Last month, I wrote for Xtra about the ongoing exodus that’s taking place as Twitter-turned-X users look for somewhere new to roost or, as the case may be, somewhere old to revisit—returning to platforms of their pasts. Inspired, I’d spent most of last month revisiting Tumblr, delighted to find that I hadn’t forgotten my old password and basking in a wave of nostalgia. Then, thanks to a colleague with an extra invite code, I finally took to Bluesky. Its similarities to the old Twitter allowed me to find my way around quickly, but it still seemed enjoyable—the act of once more building out a new network. Tumblr’s and Bluesky’s icons nestled into their new places on my home screen, new tabs in the half a dozen windows perpetually open on my desktop, and I was content. Then my fall semester began.
Emails with student queries, Slack notifications from coworkers and text messages from friends who had returned from a summer of distant workshops, conferences and teaching assignments arrived en masse. And as I waded through time-sensitive messages, sending off rushed replies, my phone—unsympathetic as it is—was none the wiser. Notifications from a dozen apps kept pushing me to log back on while my half-finished Bluesky account lurked in an abandoned window. I kept glancing at it, feeling guilty for leaving it unfinished and for ignoring new followers, and then—from out of the flurry of posts, tags and toots (I’ll always be grateful to Mastodon for that one)—a friend introduced me to digital minimalism.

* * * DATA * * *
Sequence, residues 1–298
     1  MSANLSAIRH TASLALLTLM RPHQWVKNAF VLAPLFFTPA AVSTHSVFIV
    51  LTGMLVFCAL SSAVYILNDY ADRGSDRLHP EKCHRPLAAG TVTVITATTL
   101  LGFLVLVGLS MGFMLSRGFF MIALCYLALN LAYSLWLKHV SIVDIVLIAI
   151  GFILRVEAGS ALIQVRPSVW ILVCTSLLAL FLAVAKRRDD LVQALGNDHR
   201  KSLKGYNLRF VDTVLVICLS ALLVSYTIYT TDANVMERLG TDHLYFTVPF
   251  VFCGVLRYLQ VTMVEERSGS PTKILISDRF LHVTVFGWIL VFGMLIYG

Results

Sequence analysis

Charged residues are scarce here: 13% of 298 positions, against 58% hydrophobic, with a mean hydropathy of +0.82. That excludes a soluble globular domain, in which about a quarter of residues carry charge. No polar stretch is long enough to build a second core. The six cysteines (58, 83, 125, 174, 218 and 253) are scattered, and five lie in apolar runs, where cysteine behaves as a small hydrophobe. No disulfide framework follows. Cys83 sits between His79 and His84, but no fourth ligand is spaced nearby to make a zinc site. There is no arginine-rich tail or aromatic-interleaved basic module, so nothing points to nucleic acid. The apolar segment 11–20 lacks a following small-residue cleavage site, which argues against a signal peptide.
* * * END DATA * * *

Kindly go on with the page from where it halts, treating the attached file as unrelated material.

An admission from the start: this is likely the most paradoxical bit of proselytizing that I’ve ever written. After all, I’m a digital studies professor writing in a digital magazine on the merits of digital minimalism. It might seem like a stretch, but hear me out. It’s not quite as contradictory as it might, at first, seem.